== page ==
IFR Probability along the West Coast

MODIS data from Terra and Aqua, Suomi NPP data, and GOES-15 data yield different types of information that can be used to observe clouds in a region. Probabilities of IFR conditions — that is, what’s going on at cloud base, which is a part of the cloud the satellite cannot see — can be produced by combining satellite observations of cloud tops and data from a model (such as the Rapid Refresh) that includes accurate predictions low-level moisture.


GOES-based IFR Probabilities (Upper Left), GOES-15 Brightness Temperature Difference (10.7µm – 3.9µm) (Upper Right), MODIS-based IFR Probabilities (Lower Right) at 0646 UTC, 0919 and 1058 UTC (Click to enlarge)

The three MODIS images, above (bottom right), show the slow encroachment of higher IFR Probabilities east-southeastward along the Sonoma/Marin county border. The high-resolution imagery from MODIS allows a more accurate depiction of the sharp edges that can occur as marine stratus penetrates inland around topographic features. MODIS data also suggests reduced ceilings in San Francisco.


As above, but at 0919 UTC only, with a toggle of MODIS Brightness Temperature Difference (11µm – 3.7 µm) and IFR Probability (Bottom Right) (Click to enlarge)

The 0919 UTC MODIS pass (from Aqua) happened to pass at a time when the GOES-West brightness temperature difference field was contaminated by stray light. The toggle above shows the difference between MODIS and GOES Brightness Temperature Difference fields at that time. MODIS is only detecting a signal where low clouds are present (or where soil differences allow the emissivitiy differences that can show up in the brightness temperature difference field, in this case over Nevada)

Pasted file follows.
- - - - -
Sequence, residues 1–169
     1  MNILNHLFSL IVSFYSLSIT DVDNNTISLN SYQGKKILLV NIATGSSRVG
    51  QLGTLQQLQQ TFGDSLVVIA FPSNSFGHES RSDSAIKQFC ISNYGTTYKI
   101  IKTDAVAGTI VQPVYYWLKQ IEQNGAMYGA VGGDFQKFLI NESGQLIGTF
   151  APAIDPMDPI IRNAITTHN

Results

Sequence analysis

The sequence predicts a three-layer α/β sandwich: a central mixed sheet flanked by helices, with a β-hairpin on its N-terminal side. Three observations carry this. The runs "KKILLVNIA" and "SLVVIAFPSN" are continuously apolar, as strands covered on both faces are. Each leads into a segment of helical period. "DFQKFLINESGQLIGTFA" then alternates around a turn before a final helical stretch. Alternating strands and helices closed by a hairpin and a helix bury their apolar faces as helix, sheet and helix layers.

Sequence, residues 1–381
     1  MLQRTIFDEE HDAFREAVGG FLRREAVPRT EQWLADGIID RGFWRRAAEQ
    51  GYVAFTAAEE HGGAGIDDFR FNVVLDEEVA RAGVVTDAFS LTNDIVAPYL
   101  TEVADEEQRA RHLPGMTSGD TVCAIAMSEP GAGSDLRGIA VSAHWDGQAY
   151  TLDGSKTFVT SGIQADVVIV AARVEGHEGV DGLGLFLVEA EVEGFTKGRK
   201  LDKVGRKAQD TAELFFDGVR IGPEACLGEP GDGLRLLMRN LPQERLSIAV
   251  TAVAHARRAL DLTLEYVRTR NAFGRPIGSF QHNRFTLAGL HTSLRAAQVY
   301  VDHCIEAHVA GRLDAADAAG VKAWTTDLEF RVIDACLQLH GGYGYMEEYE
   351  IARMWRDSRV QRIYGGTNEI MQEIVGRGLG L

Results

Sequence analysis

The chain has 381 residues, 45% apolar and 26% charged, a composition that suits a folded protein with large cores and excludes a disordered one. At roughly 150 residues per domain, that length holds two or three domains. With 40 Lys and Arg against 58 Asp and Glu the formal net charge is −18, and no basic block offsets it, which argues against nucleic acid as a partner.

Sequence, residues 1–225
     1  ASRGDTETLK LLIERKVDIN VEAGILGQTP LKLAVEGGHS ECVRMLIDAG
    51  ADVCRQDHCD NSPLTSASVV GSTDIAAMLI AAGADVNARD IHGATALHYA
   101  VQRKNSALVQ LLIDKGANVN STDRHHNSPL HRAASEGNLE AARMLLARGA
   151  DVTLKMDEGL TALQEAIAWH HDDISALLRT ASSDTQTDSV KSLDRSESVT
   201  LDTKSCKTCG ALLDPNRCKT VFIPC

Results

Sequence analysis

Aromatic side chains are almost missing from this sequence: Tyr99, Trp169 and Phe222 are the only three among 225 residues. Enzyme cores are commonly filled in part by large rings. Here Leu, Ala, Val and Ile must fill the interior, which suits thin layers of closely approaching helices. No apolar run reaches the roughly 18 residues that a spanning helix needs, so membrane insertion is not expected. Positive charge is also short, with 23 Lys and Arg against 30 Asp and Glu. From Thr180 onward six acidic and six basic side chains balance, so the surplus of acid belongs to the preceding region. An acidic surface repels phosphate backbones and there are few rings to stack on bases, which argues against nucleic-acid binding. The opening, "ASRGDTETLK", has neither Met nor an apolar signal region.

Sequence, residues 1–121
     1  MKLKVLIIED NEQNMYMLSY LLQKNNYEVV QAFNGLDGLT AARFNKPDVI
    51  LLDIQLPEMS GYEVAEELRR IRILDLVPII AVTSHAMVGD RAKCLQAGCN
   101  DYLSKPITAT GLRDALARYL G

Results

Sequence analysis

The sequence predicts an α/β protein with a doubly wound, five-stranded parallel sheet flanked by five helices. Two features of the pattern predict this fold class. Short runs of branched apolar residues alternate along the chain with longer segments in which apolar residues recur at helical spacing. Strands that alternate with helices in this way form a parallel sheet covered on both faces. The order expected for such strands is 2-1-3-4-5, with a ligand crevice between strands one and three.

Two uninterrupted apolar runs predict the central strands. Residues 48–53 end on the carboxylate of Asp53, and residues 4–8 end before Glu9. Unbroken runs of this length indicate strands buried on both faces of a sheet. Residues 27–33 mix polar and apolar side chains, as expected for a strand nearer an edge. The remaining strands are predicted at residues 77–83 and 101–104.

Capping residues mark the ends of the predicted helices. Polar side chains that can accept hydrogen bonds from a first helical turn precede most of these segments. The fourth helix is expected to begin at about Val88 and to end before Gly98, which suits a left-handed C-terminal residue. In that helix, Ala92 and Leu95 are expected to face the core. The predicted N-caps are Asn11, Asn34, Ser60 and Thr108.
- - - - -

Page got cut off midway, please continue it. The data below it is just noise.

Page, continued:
Suomi NPP overflew California at 1000 UTC, and those images are below. The brightness temperature difference field, and the Day Night band show clouds offshore, and city lights in and around San Francisco Bay and Monterey Bay. Regions of stratus have moved inland towards southern Sonoma County, over San Francisco, and over Monterey. There is a slight brightness temperature difference signal in the Suomi NPP data that extends down the Salinas Valley as well; it’s difficult to perceive cloudiness in the Day Night band in that region however.


As above, but with a toggle of Suomi NPP Brightness Temperature Difference and Day Night Band in the lower left, data at 1021 UTC (Click to enlarge)

The great strength of GOES data is its ability to monitor continuously the West Coast. Trends are therefore more easily observed. The hourly loop, below, shows that along much of the west coast, marine stratus stayed off shore through the night. Higher IFR Probabilities are also confined to regions where ceilings and visibilities were reduced. This is an improvement on the brightness temperature difference fields for the same time that have strong signals over much of the central Valley (for example, at 0500 and 1300 UTC, as well as at 0915 UTC, above).


GOES-15 IFR Probabilities, hourly from 0400 through 1300 UTC, 6 October 2014 (Click to enlarge)